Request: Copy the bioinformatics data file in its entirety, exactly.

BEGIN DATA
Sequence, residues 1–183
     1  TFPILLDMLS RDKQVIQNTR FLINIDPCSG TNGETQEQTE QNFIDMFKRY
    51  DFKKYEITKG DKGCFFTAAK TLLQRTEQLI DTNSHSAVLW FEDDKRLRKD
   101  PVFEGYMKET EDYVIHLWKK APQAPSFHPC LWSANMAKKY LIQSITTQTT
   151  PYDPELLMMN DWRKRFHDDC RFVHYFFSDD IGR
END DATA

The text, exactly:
Sequence, residues 1–183
     1  TFPILLDMLS RDKQVIQNTR FLINIDPCSG TNGETQEQTE QNFIDMFKRY
    51  DFKKYEITKG DKGCFFTAAK TLLQRTEQLI DTNSHSAVLW FEDDKRLRKD
   101  PVFEGYMKET EDYVIHLWKK APQAPSFHPC LWSANMAKKY LIQSITTQTT
   151  PYDPELLMMN DWRKRFHDDC RFVHYFFSDD IGR